Since the global ramp-up of the
Internet, its throughput and the
associated bitrates have been
growing exponentially. This can be
extracted from the most important
reference for Internet throughput, the
Cisco Visual Networking Index.
Main components of the Internet
or ICT sector (information and
communication technology) are
wired and wireless networks, data
centers, and end-user equipment.
The networks that connect users and
data centers account for ~25% of the
total resulting energy consumption
and associated emissions. They
split into core and access parts.
The core networks consist of
aggregation switches, routers and
multiplexing (WDM) transport. For
these equipment classes, some 80-
90% of the environmental impact
are determined by the use-phase
power consumption, which can be
derived from lifecycle analyses. This
is particularly true for the global
warming potential (GWP).
Energy and emissions
The bandwidth growth leads to an
increase in ICT power consumption,
in particular for data centers and
networks. The increasing power
consumption also leads to increasing
Given the threats of global warming
and also general resource depletion,
the ICT environmental-impact growth
must be seen critical.
ICT equipment got more powerefficient
over time. However, it
also had to cope with the growing
bandwidths of an increasing number
of bandwidth-hungry applications.
For the core-network equipment
(switches, routers, and WDM
transponders), it has not been
possible to cope with this bandwidth
growth by gains in power efficiency:
as a result, core-network equipment,
over time, consumes more power.
This is shown in Figure 1.
Power efficiency also massively grew.
In Figure 1, this can be seen because all
equipment shown develops toward
isolines of constant and improving
power efficiencies of 1000 → 0.1 W/
Gbps (Watts per Gigabit-per-second).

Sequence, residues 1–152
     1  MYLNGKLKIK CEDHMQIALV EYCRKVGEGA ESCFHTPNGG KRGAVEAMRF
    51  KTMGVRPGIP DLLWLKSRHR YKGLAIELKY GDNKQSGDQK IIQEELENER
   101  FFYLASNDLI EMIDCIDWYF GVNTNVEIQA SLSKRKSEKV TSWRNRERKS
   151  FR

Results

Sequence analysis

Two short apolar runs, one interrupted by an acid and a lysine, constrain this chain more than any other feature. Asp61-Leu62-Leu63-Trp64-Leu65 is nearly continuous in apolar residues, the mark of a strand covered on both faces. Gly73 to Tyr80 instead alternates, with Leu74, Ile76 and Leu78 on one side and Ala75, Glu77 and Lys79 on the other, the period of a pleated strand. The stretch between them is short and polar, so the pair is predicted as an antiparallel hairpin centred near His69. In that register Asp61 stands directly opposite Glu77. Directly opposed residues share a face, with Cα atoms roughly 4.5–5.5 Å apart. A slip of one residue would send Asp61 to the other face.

Our latest WDM equipment, for
example, can achieve an efficiency of
almost 0.2 W/Gbps.
In addition to bandwidth growth,
which will likely sustain over the next
couple of years, we are approaching
another area of challenge. The
increase of energy efficiency in
electronic switching and fiber-optic
transport is approaching some
fundamental limits in the next 20
years or so. Ultimately, for both,
switching and photonic transport, this
will be the so-called Shannon-von
Neumann-Landauer (SNL) thermal
limit, as shown in Figure 2. The SNL limit
is posed by quantum physics.
The practical consequence is the end
of density scaling in semiconductors.
Without new, disruptive
developments, the minimum switch
size will stop somewhere close to 5
nm. This will have effects on future
In addition, further saturation
effects already became visible. As a
consequence, there has been strong
increase in power consumption for
the highest-ranking high-performance
computing machines over the last four decades (from ~150 kW around
1980 via ~700 kW in 2005 to 17 MW in 2014).
Storage equipment in data centers is
facing saturation effects as well. The
main media for mass storage – tape,
hard-disk drives (HDD) and optical
disks – show slowed-down increase
in further areal density. The latter
is relevant for resource efficiency.
For HDDs, there is also an effect on
Disruptive new developments are
not clear right now. Theoretically,
concepts like entropy-preserving
switching or thermodynamically
reversible computing can break
the SNL limit, but they may not be
acceptable in practice because the
energy advantage comes at the cost
of switching speed.
Other technologies like carbon
nanotubes or biological-cell
processors may allow to get closer
to the SNL limit than today’s CMOS
technology. However, they do not yet
present mature technology.
There is one important aspect
that can relax the emissions
situation that results from the
ICT power consumption. This
aspect is sometimes referred to
as Greening-by-ICT. It refers to
emissions savings in sectors other
than ICT that are enabled by ICT
through respective digitalization.
The most relevant sectors that can
be significantly improved regarding
power consumption and emissions
are manufacturing, energy (e.g., the
power grids), buildings, mobility, and
agriculture. According to GeSI Smarter
2030, the carbon-saving effect on a
global scale can be almost a factor
of 10 higher than the ICT emissions
themselves. This is indicated in Figure 3.
It shows global Carbon emissions
with ICT emissions and the potential
Greening-by-ICT Carbon savings.
ICT networks have certain
environmental impact that is
currently not fully avoidable
despite all attempts for maximum
efficiency. However, the ICT sector
has very strong potential for Carbon
abatement in various other sectors.
These Greening-by-ICT effects are a
clear opportunity on the way toward
Carbon neutrality. It is therefore
likely that we need even more ICT to
exploit more Greening-by-ICT.
Dr. Klaus Grobe
ADVA Optical Networking SE
82152 Martinsried, Germany